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Passengers with disabilities: what difficulties

Pay attention to the law differences between USA-EU

Passengers with disabilities travelling by airplane between Europe and the United States should be aware that on the other side of the Atlantic Ocean there are different laws regulating air transport operations. Jill Moore and her husband, both in wheelchairs, know this well. On the outbound trip from Minneapolis to Amsterdam, they encountered no problems, while on the way back they began immediately after check-in.

"In the European Union there is a 'medical' mentality regarding disability and it is very widespread. It means that if there is something to solve: the problem is you, not the inclusive procedures" of airlines and airports, said Moore, who often travels by plane and also works to protect the rights of passengers with disabilities.

This is the story of their return flight with the Dutch airline KLM: "We felt really comfortable and it was fantastic both on the way there and on the way back, but the way they treated us was jarring". In fact, they had been rejected at Amsterdam airport check-in due to the fact that they did not have a caregiver". Although "my husband and I were both perfectly capable of taking care of ourselves on the flight, we were denied boarding".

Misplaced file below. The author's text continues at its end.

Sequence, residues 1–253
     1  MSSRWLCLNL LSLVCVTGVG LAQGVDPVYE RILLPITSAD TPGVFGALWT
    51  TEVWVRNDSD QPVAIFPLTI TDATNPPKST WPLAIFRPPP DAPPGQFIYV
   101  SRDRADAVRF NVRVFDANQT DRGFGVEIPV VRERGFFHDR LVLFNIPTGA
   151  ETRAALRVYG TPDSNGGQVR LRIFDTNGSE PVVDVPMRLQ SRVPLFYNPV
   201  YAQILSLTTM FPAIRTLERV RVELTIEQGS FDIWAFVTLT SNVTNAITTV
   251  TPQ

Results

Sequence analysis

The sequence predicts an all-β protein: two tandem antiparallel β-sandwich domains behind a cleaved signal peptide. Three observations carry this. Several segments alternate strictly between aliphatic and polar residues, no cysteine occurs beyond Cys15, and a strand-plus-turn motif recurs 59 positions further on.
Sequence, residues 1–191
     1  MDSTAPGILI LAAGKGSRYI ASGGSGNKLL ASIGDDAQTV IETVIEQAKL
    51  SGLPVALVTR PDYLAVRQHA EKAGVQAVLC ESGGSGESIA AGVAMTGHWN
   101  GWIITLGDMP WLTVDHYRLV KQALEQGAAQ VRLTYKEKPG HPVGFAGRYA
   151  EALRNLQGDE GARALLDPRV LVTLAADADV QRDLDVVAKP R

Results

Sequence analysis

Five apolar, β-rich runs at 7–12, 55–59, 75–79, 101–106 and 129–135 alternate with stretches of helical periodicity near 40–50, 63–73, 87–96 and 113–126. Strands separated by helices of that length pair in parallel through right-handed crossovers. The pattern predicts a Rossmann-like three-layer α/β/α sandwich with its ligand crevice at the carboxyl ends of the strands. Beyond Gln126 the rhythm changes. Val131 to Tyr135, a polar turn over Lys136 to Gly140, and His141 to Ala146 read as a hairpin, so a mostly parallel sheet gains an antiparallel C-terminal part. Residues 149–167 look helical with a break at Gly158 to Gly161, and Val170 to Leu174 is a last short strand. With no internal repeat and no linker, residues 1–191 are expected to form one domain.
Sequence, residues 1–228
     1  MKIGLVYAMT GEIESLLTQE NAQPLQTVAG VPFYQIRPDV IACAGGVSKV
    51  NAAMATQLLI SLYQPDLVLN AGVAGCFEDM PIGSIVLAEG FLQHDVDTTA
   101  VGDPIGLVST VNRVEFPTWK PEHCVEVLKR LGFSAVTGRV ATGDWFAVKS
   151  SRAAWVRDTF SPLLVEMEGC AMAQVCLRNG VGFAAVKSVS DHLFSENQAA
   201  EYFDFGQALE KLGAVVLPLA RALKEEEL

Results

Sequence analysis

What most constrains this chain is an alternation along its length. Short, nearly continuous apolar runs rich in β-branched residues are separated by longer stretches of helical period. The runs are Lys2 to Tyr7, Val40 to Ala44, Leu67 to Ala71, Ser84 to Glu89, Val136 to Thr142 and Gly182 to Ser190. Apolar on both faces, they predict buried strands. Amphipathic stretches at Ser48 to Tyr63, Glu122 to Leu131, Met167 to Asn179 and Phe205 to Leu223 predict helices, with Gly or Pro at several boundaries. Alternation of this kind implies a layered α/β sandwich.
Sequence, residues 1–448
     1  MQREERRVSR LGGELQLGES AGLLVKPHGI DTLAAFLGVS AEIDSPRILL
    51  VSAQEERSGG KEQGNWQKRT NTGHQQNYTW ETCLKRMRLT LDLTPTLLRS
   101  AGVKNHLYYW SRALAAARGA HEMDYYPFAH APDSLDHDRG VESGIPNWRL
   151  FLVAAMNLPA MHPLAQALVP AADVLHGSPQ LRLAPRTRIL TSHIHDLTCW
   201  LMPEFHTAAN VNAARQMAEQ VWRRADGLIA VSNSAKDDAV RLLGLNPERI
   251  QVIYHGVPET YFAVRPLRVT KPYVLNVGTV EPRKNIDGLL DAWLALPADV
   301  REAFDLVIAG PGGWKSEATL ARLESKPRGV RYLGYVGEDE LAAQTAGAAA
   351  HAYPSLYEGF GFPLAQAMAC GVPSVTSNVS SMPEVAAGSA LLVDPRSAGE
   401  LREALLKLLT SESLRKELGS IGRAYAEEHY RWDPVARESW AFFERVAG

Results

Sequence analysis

This is the reply from the air carrier KLM: "The rules of the American Department of Transportation for the acceptance of passengers with disabilities differ in some points from those of the European Union. According to European regulations, passengers are required to give 48 days' notice hours for requests for special services". In the end the couple missed the flight and re-booked their tickets with the American airline Delta Air Lines. "A dehumanizing experience", said Moore.

Gic - 1253561

AVIONEWS - World Aeronautical Press Agency